When I was living in a 2,500 square foot house in Los Angeles, I had no idea what radical gratitude was. When I lost that house and decided to build a tiny house & move to a piece of land instead of getting back on the mortgage train, I got in touch with what it meant to be grateful for simple pleasures. Like the wildflowers blooming all around our greenhouse shower…
Gratitude is a powerful, powerful practice - and it was the grateful prayer I held in my heart while we were going through foreclosure that made all the difference.
So, I finally finished my Ph.D in psychology & defended my dissertation last week! I am celebrating by having this retreat in the Santa Cruz Mountains & creating the space to help others shift their relationship to difficulty. The circle will be small - about 15 people. If anyone wants to attend, but can’t afford the price - let me know, we can work it out. In a world full of messages that what we have and who we are is “not enough,” we need to connect to authenticity & simplicity as much as we can.
Please share with anyone who may be interested - Quaker Center is down the mountain from our tiny houses, and if anyone wants a tour, I would be more than happy to oblige!
Link to retreat information:
http://www.sacrednarratives.com/
Warmly, Juko

When I was living in a 2,500 square foot house in Los Angeles, I had no idea what radical gratitude was. When I lost that house and decided to build a tiny house & move to a piece of land instead of getting back on the mortgage train, I got in touch with what it meant to be grateful for simple pleasures. Like the wildflowers blooming all around our greenhouse shower…

Gratitude is a powerful, powerful practice - and it was the grateful prayer I held in my heart while we were going through foreclosure that made all the difference.

So, I finally finished my Ph.D in psychology & defended my dissertation last week! I am celebrating by having this retreat in the Santa Cruz Mountains & creating the space to help others shift their relationship to difficulty. The circle will be small - about 15 people. If anyone wants to attend, but can’t afford the price - let me know, we can work it out. In a world full of messages that what we have and who we are is “not enough,” we need to connect to authenticity & simplicity as much as we can.

Please share with anyone who may be interested - Quaker Center is down the mountain from our tiny houses, and if anyone wants a tour, I would be more than happy to oblige!

Link to retreat information:

http://www.sacrednarratives.com/

Warmly, Juko

It has been well over a year that we have been living the tiny life. I knew that leaving a city I knew (and once loved) would be hard, not to mention all the challenges that come with starting over. Add to it the magnitude of the original plan - to buy a piece of land, build a conventional house, and open our space to friends (and friends of friends) in need of respite - and you have a recipe for a lot to go wrong. Well, a lot has. It has been overwhelming at times, and I have spent a lot of time looking up at the trees around me, listening for any advice they might whisper.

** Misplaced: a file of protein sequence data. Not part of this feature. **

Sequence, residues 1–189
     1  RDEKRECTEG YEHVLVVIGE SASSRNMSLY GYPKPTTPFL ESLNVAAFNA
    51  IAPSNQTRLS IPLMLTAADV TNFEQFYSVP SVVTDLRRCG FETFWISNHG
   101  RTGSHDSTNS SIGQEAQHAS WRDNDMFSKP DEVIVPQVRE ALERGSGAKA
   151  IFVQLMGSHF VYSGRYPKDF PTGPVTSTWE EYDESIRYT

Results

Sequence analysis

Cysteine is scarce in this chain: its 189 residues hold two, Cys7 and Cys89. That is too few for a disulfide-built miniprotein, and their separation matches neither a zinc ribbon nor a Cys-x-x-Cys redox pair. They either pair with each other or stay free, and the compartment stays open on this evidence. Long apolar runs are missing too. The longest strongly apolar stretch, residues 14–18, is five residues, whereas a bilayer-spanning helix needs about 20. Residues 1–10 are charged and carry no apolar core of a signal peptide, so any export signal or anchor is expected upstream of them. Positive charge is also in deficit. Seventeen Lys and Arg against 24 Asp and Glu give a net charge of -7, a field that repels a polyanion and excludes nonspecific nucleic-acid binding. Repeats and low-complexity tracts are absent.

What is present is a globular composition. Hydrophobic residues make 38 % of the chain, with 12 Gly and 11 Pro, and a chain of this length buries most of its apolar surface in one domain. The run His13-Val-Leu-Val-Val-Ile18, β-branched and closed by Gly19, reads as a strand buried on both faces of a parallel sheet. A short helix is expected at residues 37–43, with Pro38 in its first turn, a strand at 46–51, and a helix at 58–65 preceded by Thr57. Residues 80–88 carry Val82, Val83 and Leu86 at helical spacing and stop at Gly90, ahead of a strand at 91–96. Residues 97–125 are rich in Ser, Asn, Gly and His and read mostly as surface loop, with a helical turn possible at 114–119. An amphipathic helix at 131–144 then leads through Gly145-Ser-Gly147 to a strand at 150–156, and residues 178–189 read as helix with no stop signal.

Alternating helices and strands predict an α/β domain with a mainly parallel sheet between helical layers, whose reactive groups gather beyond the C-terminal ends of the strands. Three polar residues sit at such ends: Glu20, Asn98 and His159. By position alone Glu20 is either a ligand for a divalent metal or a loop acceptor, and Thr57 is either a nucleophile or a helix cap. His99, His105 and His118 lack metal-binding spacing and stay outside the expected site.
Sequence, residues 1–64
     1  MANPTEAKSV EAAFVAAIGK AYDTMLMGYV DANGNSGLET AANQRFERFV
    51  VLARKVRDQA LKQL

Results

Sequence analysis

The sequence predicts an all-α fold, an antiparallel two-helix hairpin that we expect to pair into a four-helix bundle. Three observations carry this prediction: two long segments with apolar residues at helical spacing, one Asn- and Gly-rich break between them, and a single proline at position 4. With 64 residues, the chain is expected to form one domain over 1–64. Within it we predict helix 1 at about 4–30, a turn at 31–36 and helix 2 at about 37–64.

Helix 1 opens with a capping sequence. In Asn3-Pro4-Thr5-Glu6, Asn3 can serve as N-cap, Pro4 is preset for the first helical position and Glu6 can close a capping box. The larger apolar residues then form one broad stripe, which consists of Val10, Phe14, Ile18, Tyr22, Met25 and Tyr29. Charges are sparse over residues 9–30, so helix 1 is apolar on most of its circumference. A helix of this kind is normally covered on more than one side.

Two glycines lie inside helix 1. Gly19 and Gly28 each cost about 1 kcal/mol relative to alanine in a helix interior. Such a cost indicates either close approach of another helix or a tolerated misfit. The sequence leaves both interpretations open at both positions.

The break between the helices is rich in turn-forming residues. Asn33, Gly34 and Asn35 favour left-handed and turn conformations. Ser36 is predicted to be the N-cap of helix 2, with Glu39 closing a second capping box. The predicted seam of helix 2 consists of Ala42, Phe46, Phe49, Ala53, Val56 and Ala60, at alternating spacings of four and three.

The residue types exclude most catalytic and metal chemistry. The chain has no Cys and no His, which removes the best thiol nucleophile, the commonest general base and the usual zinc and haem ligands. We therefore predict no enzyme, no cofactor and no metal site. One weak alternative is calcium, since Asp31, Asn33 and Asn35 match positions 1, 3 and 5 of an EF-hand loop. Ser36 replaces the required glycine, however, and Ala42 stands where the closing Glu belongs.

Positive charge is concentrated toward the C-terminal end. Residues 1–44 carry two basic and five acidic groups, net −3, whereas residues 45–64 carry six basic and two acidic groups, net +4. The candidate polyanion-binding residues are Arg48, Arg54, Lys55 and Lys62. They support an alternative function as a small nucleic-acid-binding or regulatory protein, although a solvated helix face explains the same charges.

What has been wonderful in the most surprising way  is that moving into our tiny house camp has not been the sacrifice or challenge I thought it would be. To be candid, we thought the “conventional” house would be completed by now, and that our tiny house experiment would be over. That was naive, but what was not naive was listening to the call I had to simplify, to bring my actual lived experience in line with my values. What I have found is that while I am determined to build the “real” house to serve as a space for friends who visit, I don’t feel any rush at all to complete it. I realized that once the conventional house is done, my husband is going to have a hard time getting me to move into it.

If I had one tip for anyone designing or planning a tiny house, it would be to leave enough room to dance and spin around a bit, as this has proven to be essential to maintaining our sense of humor and joy.

Tiny House Drama: The County Planning Department

Tiny House at Night

There are many times I look at my husband and say “I love living in this tiny house with you,” and I really, really mean it.

He took this photo of me from his perch on our sleeping platform as I prepared for bed. It’s been nearly a year since we’ve been spending most of our time at Sarana Park in our tiny houses, and none of our fears about not having enough space have been realized. Of all the hassles we’ve endured, the most burdensome has been dealing with our county planning department, which happens to be a prime example of really good intentions gone horribly, horribly wrong. Right now, we are “camped out” on a neighbor’s land that is adjacent to our own, because the county does not officially allow trailers or RVs to be parked on any parcel (even a 23 acre one) that does not have a building permit.

We originally thought we would have broken ground on our “official” house by now, but we chose to buy land in a county notorious for being difficult and they are living up to their reputation. At the beginning of the summer, we had quite a bit of bad news. The water source for our property - a wonderful spring that supports a few other households - was deemed unworthy to be our water source of record. At issue was the percentage of the spring deeded to us, not the quality nor the yield - our portion filled two 5,000 gallon tanks of pristine, great-tasting water in a few days. This technicality meant that our entire process was put on hold until we could get the water figured out.